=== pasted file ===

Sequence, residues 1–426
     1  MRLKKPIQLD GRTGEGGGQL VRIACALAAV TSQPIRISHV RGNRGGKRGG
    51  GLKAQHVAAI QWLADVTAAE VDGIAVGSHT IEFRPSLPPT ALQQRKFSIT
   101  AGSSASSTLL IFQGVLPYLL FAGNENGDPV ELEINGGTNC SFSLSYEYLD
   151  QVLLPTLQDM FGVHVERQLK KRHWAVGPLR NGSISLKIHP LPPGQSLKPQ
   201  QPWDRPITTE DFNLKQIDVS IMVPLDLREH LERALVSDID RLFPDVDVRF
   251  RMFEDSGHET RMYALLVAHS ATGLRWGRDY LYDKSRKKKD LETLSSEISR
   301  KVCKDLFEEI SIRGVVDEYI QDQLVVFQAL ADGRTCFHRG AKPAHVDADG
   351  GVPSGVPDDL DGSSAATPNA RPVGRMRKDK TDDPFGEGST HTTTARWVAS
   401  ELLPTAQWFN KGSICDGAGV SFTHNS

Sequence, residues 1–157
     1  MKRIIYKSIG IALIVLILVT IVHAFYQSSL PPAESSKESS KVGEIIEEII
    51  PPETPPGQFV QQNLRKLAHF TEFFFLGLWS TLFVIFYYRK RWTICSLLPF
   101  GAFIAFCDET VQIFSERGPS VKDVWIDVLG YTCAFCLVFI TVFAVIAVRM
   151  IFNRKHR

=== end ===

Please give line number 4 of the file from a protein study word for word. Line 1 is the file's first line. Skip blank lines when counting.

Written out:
   101  AGSSASSTLL IFQGVLPYLL FAGNENGDPV ELEINGGTNC SFSLSYEYLD